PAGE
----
Wednesday, January 26, 2011

St David's Day and Service for Hospice

27th February 2011 
3 pm St  Katherines Loversall

We celebrate St David and also remember the work of St John's Hospice and those who they have helped.

Many Welsh people wear one or both of the national emblems of Wales on their lapel to celebrate St. David: the daffodil(a generic Welsh symbol which is in season during March) or the leek(Saint David's personal symbol) on this day. The association between leeks and daffodils is strengthened by the fact that they have similar names in Welsh, Cenhinen (leek) and Cenhinen Pedr (daffodil, literally "Peter's leek").

We plan to fill St Katherines Loversall with Daffodils for the service. We invite those who have been touched by the work of St John’s Hospice to come along to the service. During the service there will be an opportunity to rember people who have died at the hospice. We hope those attending  will bring a bunch of daffodils and  during the service we will assmbe a display using these daffodils.

We will make a collection at the service for the work of the Hospice.

Sunday, January 2, 2011

Seek God First: worry about answers latter!

Epiphany is a word which is little strange to the modern ear. It is not a word in common usage, and unlike Lent and Easter is not immediately recognisable as a season in the Christian year.  Even to those in the Church of England it is perhaps the poor relation of other seasons coming after the almost exhausting celebration of Christmas and the austerity of Lent. Blink and it can be missed. Yet Epiphany is there to make us focus on something really important in our faith….. the appearance of Jesus in the world.

Epiphany starts with the wise men seeking the birth of a King and finding the baby Jesus. The wise men travel a long way, it is a declaration that Jesus is coming for everyone, not just those in Israel. The wise men had read in ancient prophesies of a King who would come and  who would change everything, they had seen in the skies a strange star and then went seeking this King, to pay homage. The wise men were trying to understand their world, just as we try to understand our modern world, and there would be appear to be no shortage of theories and explanations for everything. There is some truth in the idea that humanity is getting too clever to seek God. This is especially true if we seek God by issues. How can there be a God if there is so much suffering? I cannot believe in Adam and Eve and therefore I cannot believe in God? I remember being in this place, a rational scientist who had rationalised God out of existence. My life changed when I had an Epiphanal moment, when I sought God without any questions, without any conditions, without any preconceived misconceptions. For a moment in my life I suspended the rational and explored what I saw as the irrational and found that God existed.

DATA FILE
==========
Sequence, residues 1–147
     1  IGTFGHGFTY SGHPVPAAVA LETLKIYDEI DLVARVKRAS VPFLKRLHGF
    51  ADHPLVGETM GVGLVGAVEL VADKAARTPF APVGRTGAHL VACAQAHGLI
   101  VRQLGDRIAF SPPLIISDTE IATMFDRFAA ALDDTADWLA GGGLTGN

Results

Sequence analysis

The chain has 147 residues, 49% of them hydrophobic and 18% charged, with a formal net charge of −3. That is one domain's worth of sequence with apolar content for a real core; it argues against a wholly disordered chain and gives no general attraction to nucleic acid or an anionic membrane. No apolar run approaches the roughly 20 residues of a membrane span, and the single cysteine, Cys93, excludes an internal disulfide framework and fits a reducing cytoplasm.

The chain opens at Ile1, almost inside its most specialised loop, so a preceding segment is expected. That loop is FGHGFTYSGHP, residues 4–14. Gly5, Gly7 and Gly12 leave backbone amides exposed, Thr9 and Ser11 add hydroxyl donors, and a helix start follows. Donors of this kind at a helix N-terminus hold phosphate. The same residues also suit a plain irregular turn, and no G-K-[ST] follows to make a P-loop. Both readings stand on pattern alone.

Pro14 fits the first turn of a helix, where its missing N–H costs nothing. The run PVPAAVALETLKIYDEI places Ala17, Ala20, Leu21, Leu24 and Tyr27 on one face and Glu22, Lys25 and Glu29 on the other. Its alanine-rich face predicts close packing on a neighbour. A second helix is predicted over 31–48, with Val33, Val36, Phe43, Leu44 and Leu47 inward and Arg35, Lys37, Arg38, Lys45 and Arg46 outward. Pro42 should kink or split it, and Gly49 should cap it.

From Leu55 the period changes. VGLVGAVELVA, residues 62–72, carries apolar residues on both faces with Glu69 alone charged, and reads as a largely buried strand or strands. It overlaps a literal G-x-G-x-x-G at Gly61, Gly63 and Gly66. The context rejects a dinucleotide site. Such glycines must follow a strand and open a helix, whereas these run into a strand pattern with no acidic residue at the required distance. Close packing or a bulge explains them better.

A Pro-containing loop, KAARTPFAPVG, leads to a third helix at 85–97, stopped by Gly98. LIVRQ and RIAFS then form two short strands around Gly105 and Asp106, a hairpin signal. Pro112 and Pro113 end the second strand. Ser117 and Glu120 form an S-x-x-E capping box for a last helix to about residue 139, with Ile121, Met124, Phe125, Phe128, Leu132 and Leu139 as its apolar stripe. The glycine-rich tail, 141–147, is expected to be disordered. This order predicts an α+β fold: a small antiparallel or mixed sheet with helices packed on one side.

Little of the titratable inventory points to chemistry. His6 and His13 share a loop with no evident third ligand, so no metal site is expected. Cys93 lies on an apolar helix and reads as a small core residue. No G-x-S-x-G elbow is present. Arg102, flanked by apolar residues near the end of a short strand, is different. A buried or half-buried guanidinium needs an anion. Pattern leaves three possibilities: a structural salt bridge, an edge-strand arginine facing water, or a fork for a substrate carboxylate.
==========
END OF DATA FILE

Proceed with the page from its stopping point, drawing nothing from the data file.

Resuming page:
Epiphany also sees us celebrate the Baptism of Christ, when God publicly acknowledges Jesus as his Son. God is too big to understand that is why he sent his son Jesus, so through Jesus we can start to understand God.

Why does it matter you may ask? What is the point of believing in God, searching him out? I am happy as I am, you may say. Well that was me also, I thought I was happy, I thought I was doing OK. But you know there are our plans and then there are God’s plan for us. This is the 3rd part of Epiphany, the changing of water into wine at the wedding in Cana, transformation. God wants to transform our lives, and through us this broken world.

Wondering what I am talking about? Want to know more? Want to ask questions? Have you had an Epiphanal moment? Did you ignore it and just carry on? Do you have other questions? Do want to seek God and park all the other questions? Well we are having an open evening on the 11th January at St John the Baptist at 7 pm. Come along ask your questions, you may even get some answers! Cannot make it that night, then tell me when you can, and we will have another evening.

Happy Epiphany!